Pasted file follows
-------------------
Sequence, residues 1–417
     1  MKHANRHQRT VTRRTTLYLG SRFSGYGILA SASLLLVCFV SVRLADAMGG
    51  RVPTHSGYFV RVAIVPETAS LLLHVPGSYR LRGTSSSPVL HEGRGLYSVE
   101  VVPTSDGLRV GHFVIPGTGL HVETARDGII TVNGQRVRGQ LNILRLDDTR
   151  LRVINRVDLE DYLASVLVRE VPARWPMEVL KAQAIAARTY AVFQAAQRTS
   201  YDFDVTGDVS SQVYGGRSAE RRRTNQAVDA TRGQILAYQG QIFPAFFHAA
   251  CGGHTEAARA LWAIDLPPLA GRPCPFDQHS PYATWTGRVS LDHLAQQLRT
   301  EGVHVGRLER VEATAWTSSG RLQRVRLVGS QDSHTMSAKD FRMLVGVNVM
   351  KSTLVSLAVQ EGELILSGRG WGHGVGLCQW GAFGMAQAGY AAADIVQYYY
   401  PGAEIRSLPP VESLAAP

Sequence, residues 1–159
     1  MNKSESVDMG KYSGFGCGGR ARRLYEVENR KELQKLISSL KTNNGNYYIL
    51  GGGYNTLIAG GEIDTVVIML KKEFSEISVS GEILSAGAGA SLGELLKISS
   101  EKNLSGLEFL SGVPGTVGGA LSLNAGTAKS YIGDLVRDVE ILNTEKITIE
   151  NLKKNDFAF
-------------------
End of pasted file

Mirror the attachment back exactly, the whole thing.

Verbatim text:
Sequence, residues 1–417
     1  MKHANRHQRT VTRRTTLYLG SRFSGYGILA SASLLLVCFV SVRLADAMGG
    51  RVPTHSGYFV RVAIVPETAS LLLHVPGSYR LRGTSSSPVL HEGRGLYSVE
   101  VVPTSDGLRV GHFVIPGTGL HVETARDGII TVNGQRVRGQ LNILRLDDTR
   151  LRVINRVDLE DYLASVLVRE VPARWPMEVL KAQAIAARTY AVFQAAQRTS
   201  YDFDVTGDVS SQVYGGRSAE RRRTNQAVDA TRGQILAYQG QIFPAFFHAA
   251  CGGHTEAARA LWAIDLPPLA GRPCPFDQHS PYATWTGRVS LDHLAQQLRT
   301  EGVHVGRLER VEATAWTSSG RLQRVRLVGS QDSHTMSAKD FRMLVGVNVM
   351  KSTLVSLAVQ EGELILSGRG WGHGVGLCQW GAFGMAQAGY AAADIVQYYY
   401  PGAEIRSLPP VESLAAP

Sequence, residues 1–159
     1  MNKSESVDMG KYSGFGCGGR ARRLYEVENR KELQKLISSL KTNNGNYYIL
    51  GGGYNTLIAG GEIDTVVIML KKEFSEISVS GEILSAGAGA SLGELLKISS
   101  EKNLSGLEFL SGVPGTVGGA LSLNAGTAKS YIGDLVRDVE ILNTEKITIE
   151  NLKKNDFAF